Even before COVID-19, Morales had centered much of her campaign on the needs of black and brown communities on the premise that “A rising tide lifts all boats,” as she underscored in a recent virtual town hall with activist Frederick Joseph. The two public figures addressed NYC’s economic crisis and touched upon the pressing issue of rent relief in the city. To date, rent is still due this week for all New Yorkers, despite so many people being without a job now or even in the near future.
I asked Morales why an issue like canceling rent should matter to the greater community regardless of whether it affects them directly. In response, she recounted her conception of how interconnected we all are. “Having both worked in the community and for the city during a brief period of time, I think that one of our greatest challenges is our failure to think comprehensively and in an integrated way,” she observed. “We tend to try to resolve challenges and social problems in silos. We tend to think about homelessness. Or we think about education. Or we think about healthcare. The lack of complex, comprehensive thinking about all of this is and planning for all of this, I think, is highly problematic because everything is so interconnected.”
On the issue of affordable housing or canceling rent, for example, she acknowledged how housing is an essential element of human rights, of dignity, and of greater economic stability. “Not only are we talking about displacing thousands of families who are at risk of potential eviction because they can’t pay their rent, but then these people are also the same people who won’t be able to contribute to reviving the economy as consumers,” she explained. “There’s a ripple effect on a family’s ability to thrive, holding a stable job, feeding the family, getting the children to school, not to mention the psychological and emotional impact of instability on everybody involved.”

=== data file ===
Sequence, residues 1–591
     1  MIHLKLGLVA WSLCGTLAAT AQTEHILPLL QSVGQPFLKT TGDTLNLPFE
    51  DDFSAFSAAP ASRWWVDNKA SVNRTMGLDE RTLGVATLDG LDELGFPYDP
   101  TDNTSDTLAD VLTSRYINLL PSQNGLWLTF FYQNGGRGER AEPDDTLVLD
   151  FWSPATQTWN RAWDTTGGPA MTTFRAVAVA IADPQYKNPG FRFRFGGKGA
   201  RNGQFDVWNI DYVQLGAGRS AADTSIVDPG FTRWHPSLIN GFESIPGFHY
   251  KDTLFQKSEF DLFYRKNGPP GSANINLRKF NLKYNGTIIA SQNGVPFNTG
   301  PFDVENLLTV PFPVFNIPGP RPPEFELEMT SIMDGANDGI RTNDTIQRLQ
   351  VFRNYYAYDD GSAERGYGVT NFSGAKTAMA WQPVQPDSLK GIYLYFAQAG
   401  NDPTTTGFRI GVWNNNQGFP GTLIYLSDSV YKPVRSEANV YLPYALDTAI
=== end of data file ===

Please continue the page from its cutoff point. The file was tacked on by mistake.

How interconnected we are isn’t just limited to canceling rent. We spoke on Earth Day, so I asked her about her vision for climate action, something that by nature is intersectional, highlighting how connected we all are; after all, it’s no coincidence that COVID-19 has disproportionately affected groups who are living in the most polluted reaches of the country.
Having worked in the south Bronx, perhaps the most polluted area in New York City, Morales was keenly aware of the ecological circumstances that unleash a ripple effect on the health of the community, on the education of its youth, and beyond. “I worked in the south Bronx for the last 10 years, and the districts that we worked in had the highest hospitalization rates and ER visits for asthma, and that was the single largest reason for absenteeism in the schools that we were working with,” she shared, making sure to tie climate injustice back to the racism and classism that treats these communities as disposable.